Cream of the crop

Argentina is rightly celebrated for its beef, but the country also has a highly developed dairy industry. Its biggest dairy processes some 4.5 million litres of fresh milk every day.

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Argentina has a strong, century-old tradition of dairy production. In 1999, the country was the 13th biggest dairy producer in the world. The economic crisis at the beginning of the 2000s put the brakes on the industry, but today the milk is flowing again. Steady economic growth has led to increased consumption. Argentines are drinking their milk as never before, and the industry has responded, producing 11.7 ­billion litres in 2012.

The country’s largest dairy is Mastellone Hermanos, based in General Rodríguez, a city just west of the capital Buenos Aires. Mastellone Hermanos products are distributed throughout the country to millions of Argentine households.

Every day, Mastellone Hermanos’ nine plants across Argentina process 4.5 million litres of fresh milk. They also produce powdered milk, cheese, butter and the caramelized condensed milk known as dulce de leche – a favourite dessert most Argentines cannot live without.

“If we are talking about fresh milk, we have about 60 percent of the market, but if we are talking about other products, such as butter, cream or dulce de leche, we can say we have 45 percent,” says Juan Jose Perez, maintenance planner at Mastellone Hermanos.

The company markets its products under various brand names, including La Serenisima, La Armonia and Fortuna. It also packages some products under the brands of others.

Mastellone Hermanos hopes to increase its production even more and is working closely with farmers to make that happen.

“In our industry at present, the biggest problem is getting raw materials,” Perez explains. “If we have more milk, we will produce more. That’s why we work with farms. We are supporting them, sometimes financially, sometimes with training or in other ways, because we want them to improve their production so we can receive more milk.”

Quantity and quality go hand in hand. From the cows at more than 1,400 dairy farms to how the milk is transported to the pasteurization process, Mastellone Hermanos certifies that its milk is of the highest quality. The milk has fewer than 50,000 bacteria per millilitre, meeting international standards for bacteriological purity.

Ensuring that the milk and its by-products are produced safely and hygienically is of the utmost importance, as the products are perishable. That is why unplanned stops and downtime of the equipment are catastrophic.

In 2001 Mastellone Hermanos was experiencing some problems with its maintenance routines, which in turn caused unexpected machine failures. That meant higher costs, something the company definitely did not need in the middle of an economic crisis.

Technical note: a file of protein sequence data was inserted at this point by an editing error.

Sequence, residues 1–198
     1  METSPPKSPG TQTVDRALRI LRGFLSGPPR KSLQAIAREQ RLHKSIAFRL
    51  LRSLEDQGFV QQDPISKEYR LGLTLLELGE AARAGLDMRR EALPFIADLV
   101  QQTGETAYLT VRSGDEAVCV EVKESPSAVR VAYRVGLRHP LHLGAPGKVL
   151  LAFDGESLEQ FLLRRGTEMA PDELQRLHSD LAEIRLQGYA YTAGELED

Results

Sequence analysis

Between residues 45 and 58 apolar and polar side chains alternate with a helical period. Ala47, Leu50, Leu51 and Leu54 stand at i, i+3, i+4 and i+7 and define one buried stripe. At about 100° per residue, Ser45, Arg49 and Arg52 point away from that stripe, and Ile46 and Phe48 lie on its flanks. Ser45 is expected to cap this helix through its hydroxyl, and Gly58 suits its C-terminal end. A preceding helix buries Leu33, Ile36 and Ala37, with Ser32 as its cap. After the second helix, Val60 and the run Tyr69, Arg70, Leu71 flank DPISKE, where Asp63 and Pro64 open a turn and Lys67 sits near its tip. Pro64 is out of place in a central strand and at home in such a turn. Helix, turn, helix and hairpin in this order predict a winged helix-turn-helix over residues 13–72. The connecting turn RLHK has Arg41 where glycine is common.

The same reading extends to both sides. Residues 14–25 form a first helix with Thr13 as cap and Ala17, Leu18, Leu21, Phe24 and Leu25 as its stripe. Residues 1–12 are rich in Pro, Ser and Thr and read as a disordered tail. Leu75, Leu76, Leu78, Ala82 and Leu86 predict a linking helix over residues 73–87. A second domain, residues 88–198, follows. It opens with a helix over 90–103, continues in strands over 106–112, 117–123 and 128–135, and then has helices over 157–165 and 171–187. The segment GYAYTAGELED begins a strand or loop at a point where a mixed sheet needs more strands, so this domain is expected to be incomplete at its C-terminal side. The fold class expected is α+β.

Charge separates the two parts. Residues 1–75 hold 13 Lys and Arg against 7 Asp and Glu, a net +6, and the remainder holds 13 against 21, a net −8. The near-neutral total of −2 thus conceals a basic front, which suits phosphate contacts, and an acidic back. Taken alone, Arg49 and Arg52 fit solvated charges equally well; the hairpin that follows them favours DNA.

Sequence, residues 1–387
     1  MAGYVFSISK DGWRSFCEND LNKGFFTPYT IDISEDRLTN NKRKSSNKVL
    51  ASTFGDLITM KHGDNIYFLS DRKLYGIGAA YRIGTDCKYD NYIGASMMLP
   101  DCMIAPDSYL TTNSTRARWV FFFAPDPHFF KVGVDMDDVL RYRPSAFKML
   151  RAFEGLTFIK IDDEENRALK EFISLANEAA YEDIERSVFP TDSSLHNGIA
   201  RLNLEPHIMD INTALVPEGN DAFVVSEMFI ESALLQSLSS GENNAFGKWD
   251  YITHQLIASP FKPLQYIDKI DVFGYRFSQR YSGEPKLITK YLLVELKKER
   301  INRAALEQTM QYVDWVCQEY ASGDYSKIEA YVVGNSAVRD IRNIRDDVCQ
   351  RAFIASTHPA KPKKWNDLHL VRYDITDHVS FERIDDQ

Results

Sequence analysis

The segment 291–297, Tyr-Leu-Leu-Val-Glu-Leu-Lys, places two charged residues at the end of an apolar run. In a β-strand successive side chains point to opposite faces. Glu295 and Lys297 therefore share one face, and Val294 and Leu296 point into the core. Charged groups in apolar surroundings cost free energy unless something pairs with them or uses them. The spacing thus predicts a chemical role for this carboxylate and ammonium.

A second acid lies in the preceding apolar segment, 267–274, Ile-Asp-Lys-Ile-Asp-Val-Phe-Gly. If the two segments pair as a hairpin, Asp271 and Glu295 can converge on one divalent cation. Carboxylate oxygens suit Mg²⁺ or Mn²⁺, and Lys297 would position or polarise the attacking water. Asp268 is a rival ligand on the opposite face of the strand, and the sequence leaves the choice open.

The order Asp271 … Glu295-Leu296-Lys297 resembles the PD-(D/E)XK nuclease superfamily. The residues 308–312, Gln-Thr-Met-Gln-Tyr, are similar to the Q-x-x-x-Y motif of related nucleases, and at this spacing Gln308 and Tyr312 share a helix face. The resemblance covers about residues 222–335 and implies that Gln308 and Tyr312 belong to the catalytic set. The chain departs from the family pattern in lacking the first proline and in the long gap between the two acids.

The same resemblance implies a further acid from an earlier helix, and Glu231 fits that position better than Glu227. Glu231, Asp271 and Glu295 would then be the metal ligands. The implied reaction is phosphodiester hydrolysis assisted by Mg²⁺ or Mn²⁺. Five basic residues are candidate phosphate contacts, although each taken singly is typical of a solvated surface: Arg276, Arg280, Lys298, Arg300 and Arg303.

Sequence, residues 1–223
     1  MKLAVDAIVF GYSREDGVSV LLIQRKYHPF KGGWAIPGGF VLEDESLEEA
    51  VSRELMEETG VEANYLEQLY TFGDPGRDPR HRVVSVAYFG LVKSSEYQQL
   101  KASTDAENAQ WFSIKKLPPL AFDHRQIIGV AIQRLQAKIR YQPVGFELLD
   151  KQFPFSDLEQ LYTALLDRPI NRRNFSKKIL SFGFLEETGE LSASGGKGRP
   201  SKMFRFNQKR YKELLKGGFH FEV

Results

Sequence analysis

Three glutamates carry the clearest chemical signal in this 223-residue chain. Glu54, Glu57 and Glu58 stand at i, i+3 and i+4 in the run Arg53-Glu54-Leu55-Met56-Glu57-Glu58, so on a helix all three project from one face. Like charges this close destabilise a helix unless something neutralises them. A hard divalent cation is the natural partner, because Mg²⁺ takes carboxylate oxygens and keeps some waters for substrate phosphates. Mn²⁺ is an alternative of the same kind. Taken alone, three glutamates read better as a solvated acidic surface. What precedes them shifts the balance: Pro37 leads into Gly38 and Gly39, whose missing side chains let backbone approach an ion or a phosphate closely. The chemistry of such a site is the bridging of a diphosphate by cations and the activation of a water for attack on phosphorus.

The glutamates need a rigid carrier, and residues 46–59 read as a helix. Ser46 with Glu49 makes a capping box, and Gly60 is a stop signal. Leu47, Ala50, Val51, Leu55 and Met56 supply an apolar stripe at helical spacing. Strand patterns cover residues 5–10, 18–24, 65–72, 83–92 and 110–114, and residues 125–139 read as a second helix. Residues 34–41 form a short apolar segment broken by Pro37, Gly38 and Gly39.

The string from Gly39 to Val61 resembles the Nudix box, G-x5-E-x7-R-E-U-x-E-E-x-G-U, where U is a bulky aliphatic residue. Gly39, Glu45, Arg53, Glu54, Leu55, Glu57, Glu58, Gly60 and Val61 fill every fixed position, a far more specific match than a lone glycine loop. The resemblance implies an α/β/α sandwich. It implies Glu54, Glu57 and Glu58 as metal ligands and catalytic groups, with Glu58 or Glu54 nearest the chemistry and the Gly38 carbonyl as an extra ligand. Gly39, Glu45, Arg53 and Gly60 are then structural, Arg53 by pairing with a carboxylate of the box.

“We were trying to find ways to reduce our costs and also improve the useful life of our equipment – how to do our work and also to have somebody who could provide different things, like services and products,” Perez says.

The dairy had many different suppliers, but when SKF came with an offer that comprised products and services that included a long-term predictive maintenance plan, it piqued the interest of the Mastellone Hermanos management.

Predictive maintenance techniques – vibration analysis and tribology as well as application engineering – help to determine the condition of machines in order to predict when maintenance should be performed. Many industrial companies today use this strategy in order to extend the life of their assets, manage their resources more efficiently and, in the long run, cut costs and improve plant performance.

Mastellone Hermanos SA.

Founded: 1929

Headquarters: General Rodríguez, Buenos Aires province, Argentina

President and CEO: Pascual Mastellone

Revenue: 1.456 billion US dollars in 2013 (1.046 billion euros)

Employees: About 4,600

SKF soon became more than a supplier of bearings, lubricants and seals to Mastellone Hermanos. The company signed an Integrated Maintenance Solutions agreement, which covers reliability services and stock management as well.

“In the beginning it was related to reducing the cost of spare parts,” Perez says. “We tried the SKF service so they could help us reduce the spare parts we were using without affecting the availability of the equipment. That was one of the biggest solutions SKF provided.”

The agreement also includes five SKF technicians who work inside Mastellone Hermanos’ main plant in General Rodríguez.

“Since we have a team working every day on site, we have the chance to know their equipment and see what kind of condition it’s in,” says Emiliano Carnovale, project and logistics administrator, SKF Argentina. “During the predictive mainten­ance routines, we not only perform vibration level measurements  and analysis but we also do some inspections, and this sometime leads to reports on malfunctioning.”

In the dairy industry, high-quality seals are critical to the homogenization process in order to avoid contamination. One of the most successful projects at Mastellone Hermanos has been the replacement of customized seals on the homogenizers, deemed the most important machines in the plants. SKF has already replaced 200 original equipment seals and was hence able to improve the service life by up to 12 months. This has ensured the safe processing of milk and other dairy products at Mastellone Hermanos.

Mastellone Hermanos will continue to focus on expanding its product range on the domestic market, but it also aims to become a strong player in other countries, including the United States, Russia, Brazil and Chile.

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